While an increasing number of public safety offices across the country are gravitating toward standardized drone implementation, the Chula Vista PD is treading softly, citing public perception of drones in law enforcement as the primary reason to take things slow.

“In most things, we try to be in the cutting edge,” said Capt. Vern Sallee, who manages the Chula PD’s drone program. “In this one, we purposefully tried not to. We didn’t want to be the agency out there making the mistakes.”

Sallee is aware of the prevalent dystopian image, and the warranted fears on behalf of the public regarding the modern, aerial panopticon that is law enforcement with drone fleets at its disposal. In that sense, Sallee has presumably opted to allow the collective thinking surrounding drone use by police to change slowly, in order to give people enough time to acclimate.

“We realize…that’s the biggest concern our community has,” he said. “They don’t want a police surveillance state. They don’t like the idea of the Police Department essentially having free aerial reign to look into their backyards.”

To his point, there is a sizable backlash against drones in law enforcement, as evidenced by various chapters of the ACLU demanding police departments commit to their publicly stated appeasements in writing or comments at town halls in places like Wichita and Austin. Fairfax, Virginia and Denver, Colorado have delayed and shelved their drone programs for good due to public concerns. As such, Sallee is simply observing how various communities have reacted to drone use by police departments, and arguably, wisely so.

In order to sway public perception in its favor, the Chula Vista Police Department has met with residents and fostered a relationship with the ACLU. In the future, the department plans to launch an informative website that provides visitors with flight pattern information of any and all police drones, with deployment justification and reasoning explained.

“I would’ve thought we would’ve had more resistance, said Lt. Chris Kelley. “The signals I get is that they want this technology used to find grandpa when he wanders off.”

Currently, we as a society are at an extremely important fulcrum point, where federal, state, and local legislation is drafted seemingly every other week. As drones are merely a tool that can either be used for productive or destructive reasons, so they are as tools of the police. It is simply up to us to ensure that in the hands of power, those tools are used for the former, instead of the latter.

Hyundai Elantra GT Will Get N-Line Version but Not the Full N: Report

According to a recent report, the North American Elantra GT, which is essentially a rebadged Hyundai i30, won't be getting the full N high-performance treatment. Instead, it will be offered in a slightly warmed-up N-Line guise.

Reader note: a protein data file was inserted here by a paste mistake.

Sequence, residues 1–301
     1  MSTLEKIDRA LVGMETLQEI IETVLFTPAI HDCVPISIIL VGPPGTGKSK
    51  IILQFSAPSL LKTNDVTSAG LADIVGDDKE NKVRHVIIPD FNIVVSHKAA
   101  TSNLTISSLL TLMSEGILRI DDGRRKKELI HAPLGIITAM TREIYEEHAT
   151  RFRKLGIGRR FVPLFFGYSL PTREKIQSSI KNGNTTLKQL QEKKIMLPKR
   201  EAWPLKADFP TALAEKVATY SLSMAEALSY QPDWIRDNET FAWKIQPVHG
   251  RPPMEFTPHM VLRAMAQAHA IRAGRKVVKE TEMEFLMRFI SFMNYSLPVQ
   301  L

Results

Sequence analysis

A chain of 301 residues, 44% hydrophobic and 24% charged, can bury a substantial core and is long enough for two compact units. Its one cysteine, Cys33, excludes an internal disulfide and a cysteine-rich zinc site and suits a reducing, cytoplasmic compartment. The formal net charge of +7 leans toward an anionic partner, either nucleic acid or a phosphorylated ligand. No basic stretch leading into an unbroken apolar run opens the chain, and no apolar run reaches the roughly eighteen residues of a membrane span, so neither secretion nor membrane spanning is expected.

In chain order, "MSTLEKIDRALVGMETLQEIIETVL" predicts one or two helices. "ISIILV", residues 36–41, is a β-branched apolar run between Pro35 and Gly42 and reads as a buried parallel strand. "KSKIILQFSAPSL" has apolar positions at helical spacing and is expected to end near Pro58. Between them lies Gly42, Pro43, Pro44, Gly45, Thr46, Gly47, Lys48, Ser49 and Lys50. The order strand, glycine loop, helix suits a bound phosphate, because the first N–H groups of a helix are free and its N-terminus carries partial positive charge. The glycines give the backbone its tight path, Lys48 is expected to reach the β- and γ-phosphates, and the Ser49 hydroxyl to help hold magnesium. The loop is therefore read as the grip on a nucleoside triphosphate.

When Hyundai rolled out its N performance brand the first car to wear the exclusive badge was the i30 N hot hatch, which sadly isn't sold in North America. But according to a National Highway Traffic Safety Administration filing dug up by Jalopnik, a car known as the "Elantra GT N Line" can be seen in a Hyundai VIN decoding guide for the 2019 model year.

N-Line Hyundais feature sportier trimmings inside and out as well as hardware that's slightly tuned for more spirited driving, but are ultimately a step below from the full-beans N. Think Audi's S Line, BMW M Performance, or F Sport from Lexus.

According to the document, the new N-Line hatchback won't get a new engine but it will utilize to the powerplants found in the regular Elantra GT: a naturally-aspirated 2.0-liter four-cylinder engine and a turbocharged 1.6-liter four-cylinder making 161 and 201 horsepower, respectively.

In Europe, Hyundai already sells the i30 in N-Line trim which includes more aggressive front and rear fascias, dual exhaust tips, bolstered seats, aluminum pedals, a leather-wrapped steering wheel, and of course, a good amount of N-Line badging throughout. Performance-wise, it receives bigger front brakes surrounded by a set of sticky Michelin Pilot Sport 4S rubber as well as a sportier tune for its engine and suspension.

We've reached out to Hyundai for comment and will update this story when we hear back.

2019 Lexus RC: Borrowing Heavily From Its Fancier Siblings

Year, Make, Model: 2019 Lexus RC

Topline: The luxury coupe enters its fifth year of production after having been initially introduced in 2015. The new design tweaks aim to emulate its sexier and more expensive sibling, the LC, but the RC will remain nearly identical until a replacement arrives in the near future.

What's New: The RC benefits from new headlights that eliminate the previous concave-shaped housings and it also receives separate daytime running lights. A new front bumper incorporates an updated spindle grille while the rear bumper now has functional vents that sit directly below the new taillights. The F Sport trim changes up the spindle grille's mesh pattern and adds 19-inch alloy wheels. Blue Vortex Metallic, pictured below, is a new color option. Lastly, new bushings and shock absorbers have been installed and throttle and steering response have also been sharpened.

Quotable: "The fresh new styling of the 2019 RC retains all the virtues of the previous model yet further refines the design language first established by the flagship LC coupe. Inside the cabin, everything from the high- quality materials to the design of controls and gauges were reevaluated to maximize driving pleasure," Lexus said in a press release.

What You Need to Know: In North America, the RC will retain its two powertrains: a 2.0-liter turbocharged four-cylinder that produces 241 horsepower and a 3.5-liter V-6 with 311 horsepower.

The automaker didn't confirm when the new model will reach dealerships or if customers should expect an increase in price (the 2018 RC starts at $40,640). Lexus told The Drive that "pricing and availability will be announced closer to the official unveil at the 2018 Paris Motor Show in early October." The 2019 Lexus RC will debut in the French capital in the first week of October.